It would appear that the greatest heresy to the Christian Church lay in the Cathars' denial that Christ ever lived as a man, but was a being of spirit, much like an angel. They also believed that it was Satan who created the material world after his expulsion from heaven when God the Father, taking pity on his once bright star Lucifer, allowed him seven days to see what he might create. The bodies of Adam and Eve were animated by fallen angels and directed by Satan to beget children who would follow the ways of the serpent. To counter the lust of the flesh inspired by the devil, the Cathars preached abstinence before marriage, chastity, vegetarianism, and nonviolence. They believed in a progressive doctrine of reincarnation with the spirits of animals evolving into humans. In their view, it was a dualistic universe, with good and evil having equal strength, and they considered their time in the world as a struggle to resist Satan's power.

In 1244 Montsegur, the last center of Albigensian resistance, fell, and hundreds of Cathars were burned at the stake. The headquarters of the Inquisition was now established in the once highly cultured Albigensian city of Toulouse, and the few Cathars who had managed to escape death during the bloody decades of the crusade that had been launched against them were now at the mercy of the relentless witch and heretic hunters.

Delving Deeper

Baigent, Michael, Leigh, Richard, and Lincoln, Henry. Holy Blood, Holy Grail. New York: Dell Publishing Co., 1983.

Clifton, Charles S. Encyclopedia of Heresies and Heretics. New York: Barnes & Noble, 1992.

Delaforge, Gaetan. The Templar Tradition. Putney, Vt.: Threshold Books, 1987.

Lea, Henry Charles. The Inquisition of the Middle Ages. New York: Citadel Press, 1963.

Trevor-Roper, H. R. The European Witch-Craze. New York: Harper & Row, 1967.


Several cults with widely differing beliefs all bearing the label of "Gnostic" arose in the first century, strongly competing with the advent of Christianity. The term Gnostic is derived from the Greek "gnosis," meaning "to know," and the adherents of Gnosticism unabashedly declared that members of their form of religious expression "knew" from firsthand experience the truths that other beliefs had to accept on faith.

Many of the Gnostic sects blended elements of Christianity with the Eleusianian mysteries, combining them with Indian, Egyptian, and Babylonian magic, and also bringing in aspects of the Jewish Kabbalah as well. Whatever the expression of the various Gnostic belief structures, they all emphasized a detachment from the material world and an elaborate series of spiritual hierarchies through which those initiates who had achieved personal knowledge of divinity could arise. The Christian Church Fathers branded the Gnostics as heretics just as soon as they had developed enough power within the Roman Empire to do so, and the cult continued to be anathema to the Church down through its variations in the Cathars, the Albigensis, and the Knights Templar.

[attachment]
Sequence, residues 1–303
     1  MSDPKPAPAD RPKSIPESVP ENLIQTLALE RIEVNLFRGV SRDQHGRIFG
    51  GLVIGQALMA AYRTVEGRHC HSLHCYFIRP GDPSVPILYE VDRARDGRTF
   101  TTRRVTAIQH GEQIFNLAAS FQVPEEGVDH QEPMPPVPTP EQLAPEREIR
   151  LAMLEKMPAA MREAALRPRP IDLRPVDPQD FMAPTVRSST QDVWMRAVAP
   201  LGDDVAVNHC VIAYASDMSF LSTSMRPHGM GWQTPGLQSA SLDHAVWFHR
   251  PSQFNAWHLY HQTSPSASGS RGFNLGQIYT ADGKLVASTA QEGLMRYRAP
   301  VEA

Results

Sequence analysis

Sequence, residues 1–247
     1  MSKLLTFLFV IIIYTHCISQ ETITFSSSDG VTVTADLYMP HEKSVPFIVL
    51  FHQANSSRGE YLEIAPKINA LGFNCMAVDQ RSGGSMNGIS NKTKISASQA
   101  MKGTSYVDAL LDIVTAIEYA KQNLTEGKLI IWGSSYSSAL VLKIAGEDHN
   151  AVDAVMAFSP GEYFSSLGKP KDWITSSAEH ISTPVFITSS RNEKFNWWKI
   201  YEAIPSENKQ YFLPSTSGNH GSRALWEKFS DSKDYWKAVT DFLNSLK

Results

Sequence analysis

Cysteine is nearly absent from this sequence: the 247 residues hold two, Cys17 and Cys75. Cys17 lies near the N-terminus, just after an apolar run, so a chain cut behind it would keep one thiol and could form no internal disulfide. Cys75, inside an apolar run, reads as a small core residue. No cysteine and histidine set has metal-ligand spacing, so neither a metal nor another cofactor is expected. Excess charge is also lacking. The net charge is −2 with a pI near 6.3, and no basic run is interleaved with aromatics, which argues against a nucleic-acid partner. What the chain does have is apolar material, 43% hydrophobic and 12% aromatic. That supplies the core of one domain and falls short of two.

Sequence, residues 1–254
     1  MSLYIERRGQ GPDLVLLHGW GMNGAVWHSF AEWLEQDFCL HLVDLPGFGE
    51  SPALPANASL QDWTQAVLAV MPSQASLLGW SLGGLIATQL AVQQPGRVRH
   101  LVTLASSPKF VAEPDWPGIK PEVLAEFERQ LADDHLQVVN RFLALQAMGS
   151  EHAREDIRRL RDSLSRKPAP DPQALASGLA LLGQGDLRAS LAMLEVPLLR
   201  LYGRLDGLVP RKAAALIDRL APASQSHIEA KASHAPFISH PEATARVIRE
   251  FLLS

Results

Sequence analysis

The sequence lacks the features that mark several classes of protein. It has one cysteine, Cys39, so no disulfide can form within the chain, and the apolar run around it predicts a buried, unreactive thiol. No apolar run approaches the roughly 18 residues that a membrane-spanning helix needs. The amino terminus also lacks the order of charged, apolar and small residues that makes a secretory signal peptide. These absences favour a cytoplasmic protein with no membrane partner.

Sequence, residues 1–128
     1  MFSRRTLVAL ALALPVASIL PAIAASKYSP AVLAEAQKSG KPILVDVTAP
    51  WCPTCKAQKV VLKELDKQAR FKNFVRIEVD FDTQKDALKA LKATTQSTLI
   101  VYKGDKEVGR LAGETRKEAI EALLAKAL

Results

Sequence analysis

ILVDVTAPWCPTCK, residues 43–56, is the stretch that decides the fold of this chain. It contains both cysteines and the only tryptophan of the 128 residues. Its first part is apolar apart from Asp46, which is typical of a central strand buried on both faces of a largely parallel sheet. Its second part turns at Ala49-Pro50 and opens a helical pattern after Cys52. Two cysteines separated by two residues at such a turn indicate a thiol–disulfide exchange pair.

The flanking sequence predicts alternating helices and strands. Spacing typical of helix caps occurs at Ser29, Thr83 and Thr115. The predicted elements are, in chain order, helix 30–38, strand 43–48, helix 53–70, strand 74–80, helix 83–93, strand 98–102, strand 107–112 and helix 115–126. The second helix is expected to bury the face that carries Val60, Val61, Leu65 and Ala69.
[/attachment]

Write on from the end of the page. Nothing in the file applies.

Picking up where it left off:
The first Gnostic of importance would seem to be Simon Magus (fl. c. 67 c.e.), a Samarian sorcerer, a contemporary of the apostles, who was converted to Christianity, then strongly rebuked by Peter when he sought to purchase the wonder-working power of the Holy Spirit (Acts 8:924). Those Gnostic Christians influenced by such charismatic individuals as Simon Magus believed that there was a secret oral tradition that had been passed down from Jesus that had much greater power and authority than the scriptures and epistles offered by the orthodox teachers of Christianity. The Gnostics, like the initiates of the Greek and Egyptian mysteries, sought direct experience with the divine and they believed that this communion could be achieved by uttering secret words of wisdom that God had granted to specially enlightened teachers. The Gnostics considered themselves much more spiritually advanced than the larger community of Christians, whom they regarded as ignorant plodders and easily led sheep.

Nearly everything that was known about the Christian Gnostics prior to the discovery of the Nag Hammadi library in 1945 was taken from the highly prejudiced writings of such Church Fathers as Irenaeus, Hippolytus, and Epiphanius, who condemned the Gnostics as heretics and devil-worshippers. The library that was found in Upper Egypt consists of 12 books, plus eight leaves removed from a thirteenth book and tucked inside the front cover of the sixth. These eight leaves make up the complete text of a work that has been taken out of a volume of collected works. Each of the books, except the tenth, consists of a collection of brief works, such as "The Prayer of the Apostle Paul," "The Gospel of Thomas," "The Sophia of Jesus Christ," "The Gospel of the Egyptians," and so on. Although the Nag Hammadi library is written in Coptic, the texts were originally composed in Greek and contain many references to Egyptian sites and beliefs. And although the work is ascribed to Christian Gnostics, there are many essays within the library that do not seem to reflect much of the Christian tradition. While there are references to a Gnostic Savior, his presentation does not seem to be based on the Jesus found in the New Testament. On those occasions when Jesus does appear in the texts, he often appears to be criticizing those orthodox Christians who have confused his words and his teachings. By following the true way and thus achieving transcendence, Jesus says in "The Apocalypse of Peter," every believer's "resurrection" becomes a spiritual reality.